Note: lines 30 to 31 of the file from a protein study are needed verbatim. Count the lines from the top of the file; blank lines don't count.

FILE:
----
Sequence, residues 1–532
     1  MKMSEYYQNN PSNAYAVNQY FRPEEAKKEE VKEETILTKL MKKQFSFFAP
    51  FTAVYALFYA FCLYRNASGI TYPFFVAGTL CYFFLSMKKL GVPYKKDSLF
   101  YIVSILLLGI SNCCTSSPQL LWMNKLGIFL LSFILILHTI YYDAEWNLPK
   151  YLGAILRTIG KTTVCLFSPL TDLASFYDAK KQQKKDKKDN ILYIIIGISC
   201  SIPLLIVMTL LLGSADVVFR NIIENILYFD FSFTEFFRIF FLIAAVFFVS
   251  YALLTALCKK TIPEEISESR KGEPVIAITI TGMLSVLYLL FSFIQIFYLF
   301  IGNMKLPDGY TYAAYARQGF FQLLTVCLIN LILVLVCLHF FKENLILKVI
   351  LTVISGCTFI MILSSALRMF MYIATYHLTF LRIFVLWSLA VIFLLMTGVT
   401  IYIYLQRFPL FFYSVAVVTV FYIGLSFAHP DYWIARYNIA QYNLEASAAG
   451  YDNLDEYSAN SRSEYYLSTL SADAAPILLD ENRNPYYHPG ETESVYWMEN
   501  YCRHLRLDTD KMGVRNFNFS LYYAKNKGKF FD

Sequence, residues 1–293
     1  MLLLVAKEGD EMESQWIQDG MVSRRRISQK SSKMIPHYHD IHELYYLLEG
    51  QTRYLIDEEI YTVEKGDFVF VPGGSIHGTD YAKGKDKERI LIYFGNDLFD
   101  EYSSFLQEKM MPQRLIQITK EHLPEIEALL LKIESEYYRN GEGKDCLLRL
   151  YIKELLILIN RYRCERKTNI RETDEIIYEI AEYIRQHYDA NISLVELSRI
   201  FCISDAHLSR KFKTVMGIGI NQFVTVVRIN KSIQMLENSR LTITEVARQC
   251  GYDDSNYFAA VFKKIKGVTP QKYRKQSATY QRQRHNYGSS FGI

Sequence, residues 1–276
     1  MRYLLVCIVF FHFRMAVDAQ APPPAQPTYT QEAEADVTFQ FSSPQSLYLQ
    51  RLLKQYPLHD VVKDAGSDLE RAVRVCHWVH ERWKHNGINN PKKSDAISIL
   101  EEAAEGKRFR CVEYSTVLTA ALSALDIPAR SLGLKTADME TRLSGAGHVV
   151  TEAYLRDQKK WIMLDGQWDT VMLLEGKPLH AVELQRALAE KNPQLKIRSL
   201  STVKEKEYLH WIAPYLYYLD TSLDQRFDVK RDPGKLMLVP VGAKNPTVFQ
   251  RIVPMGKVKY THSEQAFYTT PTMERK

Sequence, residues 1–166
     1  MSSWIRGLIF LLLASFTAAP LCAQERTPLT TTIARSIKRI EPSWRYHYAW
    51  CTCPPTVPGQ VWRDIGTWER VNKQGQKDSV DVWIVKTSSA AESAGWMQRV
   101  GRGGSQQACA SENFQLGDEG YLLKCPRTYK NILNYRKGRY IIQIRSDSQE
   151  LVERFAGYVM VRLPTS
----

   101  GRGGSQQACA SENFQLGDEG YLLKCPRTYK NILNYRKGRY IIQIRSDSQE
   151  LVERFAGYVM VRLPTS